For the author, Jackson is a transcendent military genius, Lee is myopic at best, and Davis becomes pretty quickly becomes immaterial. Ordinary soldiers enter the narrative mainly as numbers engaged, and casualties.

The author posits that the Army of Northern Virginia could have wandered around eastern Pennsylvania for months in the summer living off the land. On the other hand, he suggests that any Union army would have surrendered almost immediately if cut off from supply. Similarly, he suggests the Union itself would have surrendered upon the capture or cutting off of either Washington, Baltimore, or Philadelphia. The possiblilty that any of these events would have merely riled up the Union against an invader is not even mentioned, much less discussed.

So, while I found the book an enjoyable read, I also find it possible to doubt many of the author's opinions and spectulative theses. For me, these things balance out to a four star rating.
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15 of 17 people found the following review helpful By Sean Holland on March 20, 2008
Format: Hardcover
Alexander, Bevin. How the South Could Have Won the Civil War: The Fatal Errors That Led to Confederate Defeat. New York: Crown Publishers, 2007.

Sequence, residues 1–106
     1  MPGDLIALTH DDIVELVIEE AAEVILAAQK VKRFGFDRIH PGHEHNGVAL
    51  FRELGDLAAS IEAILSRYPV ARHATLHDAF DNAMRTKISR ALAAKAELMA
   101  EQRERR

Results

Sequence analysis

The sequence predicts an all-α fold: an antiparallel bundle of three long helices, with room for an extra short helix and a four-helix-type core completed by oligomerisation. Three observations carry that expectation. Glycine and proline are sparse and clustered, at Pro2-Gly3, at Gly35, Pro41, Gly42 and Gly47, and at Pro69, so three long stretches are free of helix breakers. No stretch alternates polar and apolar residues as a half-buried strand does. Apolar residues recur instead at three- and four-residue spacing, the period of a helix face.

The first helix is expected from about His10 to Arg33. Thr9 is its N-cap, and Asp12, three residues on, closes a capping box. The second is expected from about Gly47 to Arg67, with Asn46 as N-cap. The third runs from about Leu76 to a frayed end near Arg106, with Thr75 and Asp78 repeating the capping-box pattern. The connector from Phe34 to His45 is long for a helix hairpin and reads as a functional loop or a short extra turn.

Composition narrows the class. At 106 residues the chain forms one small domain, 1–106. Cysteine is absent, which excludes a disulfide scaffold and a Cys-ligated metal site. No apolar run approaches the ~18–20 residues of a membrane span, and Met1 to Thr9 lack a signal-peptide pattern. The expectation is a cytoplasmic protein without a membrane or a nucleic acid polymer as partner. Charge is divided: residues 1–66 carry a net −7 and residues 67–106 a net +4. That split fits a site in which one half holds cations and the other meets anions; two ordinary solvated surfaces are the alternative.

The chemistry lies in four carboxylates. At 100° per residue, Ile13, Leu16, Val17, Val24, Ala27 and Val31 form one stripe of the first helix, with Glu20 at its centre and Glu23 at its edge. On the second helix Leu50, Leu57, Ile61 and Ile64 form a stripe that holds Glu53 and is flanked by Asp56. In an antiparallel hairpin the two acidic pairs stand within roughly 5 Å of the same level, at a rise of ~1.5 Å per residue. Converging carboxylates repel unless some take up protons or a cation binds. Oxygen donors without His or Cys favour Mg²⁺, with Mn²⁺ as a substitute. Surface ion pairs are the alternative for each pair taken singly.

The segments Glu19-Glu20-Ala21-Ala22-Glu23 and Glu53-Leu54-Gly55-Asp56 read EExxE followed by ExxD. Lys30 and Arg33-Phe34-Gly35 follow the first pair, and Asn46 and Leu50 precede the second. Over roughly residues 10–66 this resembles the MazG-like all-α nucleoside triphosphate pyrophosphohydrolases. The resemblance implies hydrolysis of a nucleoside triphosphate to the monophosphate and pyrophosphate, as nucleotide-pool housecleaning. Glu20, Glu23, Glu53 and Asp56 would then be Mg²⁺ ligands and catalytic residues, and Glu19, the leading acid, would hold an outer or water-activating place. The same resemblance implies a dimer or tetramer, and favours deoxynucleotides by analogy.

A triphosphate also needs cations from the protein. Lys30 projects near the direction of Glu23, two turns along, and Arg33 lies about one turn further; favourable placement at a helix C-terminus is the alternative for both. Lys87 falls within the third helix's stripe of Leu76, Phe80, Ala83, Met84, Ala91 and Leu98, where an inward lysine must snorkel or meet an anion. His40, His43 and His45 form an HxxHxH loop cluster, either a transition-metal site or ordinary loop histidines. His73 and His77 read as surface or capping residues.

This books supposed subject in contained in its title, but it does not really achieve that. The subtitles is slightly more accurate. It is 337-pages including notes, bibliography and index with eighteen maps and very readable type.

The introduction is entitled "No Victory is Inevitable" which is true but analysis of why and how victory could have shifted to the historically defeated is a difficult task. Such analysis moves into the realm of counterfactual (or alternate) history, a field more usually the playground of fiction writers rather than historians.

In Chapter 2 "A New Kind of War" (p 33-43) Alexander lays out the three strategies that the Confederates had to choose from:

* Passive defense, championed by President Jefferson Davis and, as such, the de facto strategy of the CSA.

* Engaging and destroying the enemy, championed by Robert E. Lee and later pursued by him.

* Invasion of the North to destroy its ability to make war, by destroying economic and transportation assets, according to Alexander, this was the strategy that `Stonewall' Jackson wanted to see followed by the CSA.

Alexander believes that the war against the infrastructure of the North would have been a winning strategy. By Jackson was not able to find support for such a course of action, nor does it seem that he tried very hard to do so, and it did not happen. There Alexander leaves the matter, Jackson was right and if the Confederates had just listened they could have won. No discussion is made of how the Confederacy could have effectively pursued this.
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8 of 8 people found the following review helpful By James W. Durney TOP 1000 REVIEWERVINE VOICE on January 23, 2008
Format: Hardcover